Sustainable food production in a temperate climate – a case study analysis of the nutritional yield in a peri-urban food forest
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Food forestry is an emerging multifunctional perennial polyculture food production system that has the potential to contribute to food security and mitigate malnutrition in urban and peri-urban areas by addressing the three main components of food security: Availability, access and utilisation. Despite this potential to increase food security only very few studies have estimated the food production potential of food forests in a temperate climate. In this study the actual food production potential of a 0.08 ha peri-urban food forest in Coldstream, Scotland is determined based on average annual yield records of the 99 species grown in the food forest from 2011–2017, coupled with information about energy and macronutrient content of these species obtained from nutritional databases, research articles and laboratory measurements. The results show that the average annual yield of the 0.08 ha food forest is 713 kg, corresponding to 415,075 kcal, 9868 g protein, 8394 g fat and 85,627 g carbohydrates. Assuming a carbohydrate rich diet where the maximum recommended 60% of energy comes from carbohydrates and the remaining 40% is divided between 25% from fat and 15% from protein, one hectare of food forest with the same species composition as the Garden Cottage food forest would be able to supply up to 7 males or 9 females with carbohydrates, 4 males or 5 females with fat, and 3 males or 4 females with protein. This is somewhat lower than previous assessments and estimates of the food supply capacity of food forests ranging from 6 to 10 people, but since the studied food forest has a relatively low production of protein and fat compared with carbohydrates, this could potentially be increased by incorporating more protein and fat crops, such as legumes and nut trees.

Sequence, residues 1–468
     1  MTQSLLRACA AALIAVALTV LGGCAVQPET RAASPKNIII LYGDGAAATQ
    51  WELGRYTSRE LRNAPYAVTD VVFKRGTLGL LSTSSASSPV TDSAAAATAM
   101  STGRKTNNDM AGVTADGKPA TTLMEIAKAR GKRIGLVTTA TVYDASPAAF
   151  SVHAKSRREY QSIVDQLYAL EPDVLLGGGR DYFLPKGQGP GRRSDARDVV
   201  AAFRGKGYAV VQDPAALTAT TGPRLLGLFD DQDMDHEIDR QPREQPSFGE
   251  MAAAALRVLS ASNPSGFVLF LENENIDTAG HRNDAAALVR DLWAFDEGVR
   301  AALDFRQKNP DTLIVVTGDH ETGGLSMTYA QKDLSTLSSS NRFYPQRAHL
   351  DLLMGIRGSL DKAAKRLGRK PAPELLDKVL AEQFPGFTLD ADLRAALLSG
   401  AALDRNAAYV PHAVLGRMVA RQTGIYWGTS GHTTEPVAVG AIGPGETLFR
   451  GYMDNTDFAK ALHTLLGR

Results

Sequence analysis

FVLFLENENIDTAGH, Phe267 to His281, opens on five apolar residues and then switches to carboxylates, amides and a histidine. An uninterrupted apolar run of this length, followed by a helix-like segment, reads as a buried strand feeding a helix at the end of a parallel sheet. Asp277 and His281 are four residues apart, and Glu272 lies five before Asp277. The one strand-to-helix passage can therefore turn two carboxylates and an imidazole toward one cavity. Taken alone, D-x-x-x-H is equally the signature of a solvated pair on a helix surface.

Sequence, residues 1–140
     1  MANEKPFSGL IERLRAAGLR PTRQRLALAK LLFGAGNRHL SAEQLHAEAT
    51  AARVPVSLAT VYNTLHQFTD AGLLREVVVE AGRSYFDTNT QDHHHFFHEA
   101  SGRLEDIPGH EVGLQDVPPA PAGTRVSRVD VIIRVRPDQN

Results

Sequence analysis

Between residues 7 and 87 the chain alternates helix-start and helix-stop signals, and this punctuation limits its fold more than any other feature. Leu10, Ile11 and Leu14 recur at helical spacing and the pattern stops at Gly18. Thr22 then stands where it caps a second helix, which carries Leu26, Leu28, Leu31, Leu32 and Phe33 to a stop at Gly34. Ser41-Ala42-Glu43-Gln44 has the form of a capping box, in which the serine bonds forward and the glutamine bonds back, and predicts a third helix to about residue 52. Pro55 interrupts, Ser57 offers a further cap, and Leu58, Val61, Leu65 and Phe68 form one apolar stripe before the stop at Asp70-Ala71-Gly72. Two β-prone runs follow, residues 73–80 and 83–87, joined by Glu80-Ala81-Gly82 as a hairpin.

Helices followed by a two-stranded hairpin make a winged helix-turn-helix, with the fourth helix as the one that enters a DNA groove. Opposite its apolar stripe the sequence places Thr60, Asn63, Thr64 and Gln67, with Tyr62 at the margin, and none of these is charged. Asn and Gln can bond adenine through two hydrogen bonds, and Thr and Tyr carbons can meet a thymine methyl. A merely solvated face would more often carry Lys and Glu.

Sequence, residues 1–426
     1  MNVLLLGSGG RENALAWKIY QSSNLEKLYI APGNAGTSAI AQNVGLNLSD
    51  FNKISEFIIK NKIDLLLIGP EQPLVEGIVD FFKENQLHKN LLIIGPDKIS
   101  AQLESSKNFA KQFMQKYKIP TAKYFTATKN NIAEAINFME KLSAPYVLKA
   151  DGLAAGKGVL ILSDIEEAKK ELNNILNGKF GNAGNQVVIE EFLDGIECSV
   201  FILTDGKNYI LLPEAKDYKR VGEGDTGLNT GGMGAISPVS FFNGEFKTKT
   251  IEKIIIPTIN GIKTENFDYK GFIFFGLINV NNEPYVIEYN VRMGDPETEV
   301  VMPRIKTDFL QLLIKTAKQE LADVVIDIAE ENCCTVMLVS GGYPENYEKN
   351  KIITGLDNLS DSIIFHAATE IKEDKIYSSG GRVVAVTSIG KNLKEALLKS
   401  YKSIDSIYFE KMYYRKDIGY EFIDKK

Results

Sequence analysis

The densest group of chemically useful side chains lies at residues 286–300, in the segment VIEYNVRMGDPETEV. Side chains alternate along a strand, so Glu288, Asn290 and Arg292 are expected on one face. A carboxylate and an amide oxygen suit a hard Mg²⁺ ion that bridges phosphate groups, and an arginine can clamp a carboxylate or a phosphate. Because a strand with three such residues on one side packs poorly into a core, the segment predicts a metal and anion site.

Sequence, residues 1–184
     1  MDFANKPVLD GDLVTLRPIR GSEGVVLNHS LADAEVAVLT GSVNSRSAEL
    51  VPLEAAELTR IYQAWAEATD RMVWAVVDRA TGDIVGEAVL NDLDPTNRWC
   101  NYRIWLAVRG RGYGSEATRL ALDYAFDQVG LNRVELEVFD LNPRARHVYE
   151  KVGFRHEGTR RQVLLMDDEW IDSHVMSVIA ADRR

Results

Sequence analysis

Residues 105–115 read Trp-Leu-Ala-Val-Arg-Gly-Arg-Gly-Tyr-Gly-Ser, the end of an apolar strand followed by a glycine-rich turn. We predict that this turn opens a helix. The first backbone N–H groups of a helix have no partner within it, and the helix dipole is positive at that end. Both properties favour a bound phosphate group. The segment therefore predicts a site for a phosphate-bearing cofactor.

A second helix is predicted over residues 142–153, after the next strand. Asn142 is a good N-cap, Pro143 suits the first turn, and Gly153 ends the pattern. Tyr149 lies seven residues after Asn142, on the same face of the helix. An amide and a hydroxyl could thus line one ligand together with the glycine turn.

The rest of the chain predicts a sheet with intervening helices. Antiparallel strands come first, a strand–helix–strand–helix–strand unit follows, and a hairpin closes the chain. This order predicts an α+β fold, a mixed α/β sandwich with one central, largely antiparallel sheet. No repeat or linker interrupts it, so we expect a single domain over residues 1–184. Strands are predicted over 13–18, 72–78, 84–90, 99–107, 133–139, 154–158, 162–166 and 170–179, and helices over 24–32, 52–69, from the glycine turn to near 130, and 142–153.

|Tidsskrift||Urban Forestry and Urban Greening|
|Status||Udgivet - 2019|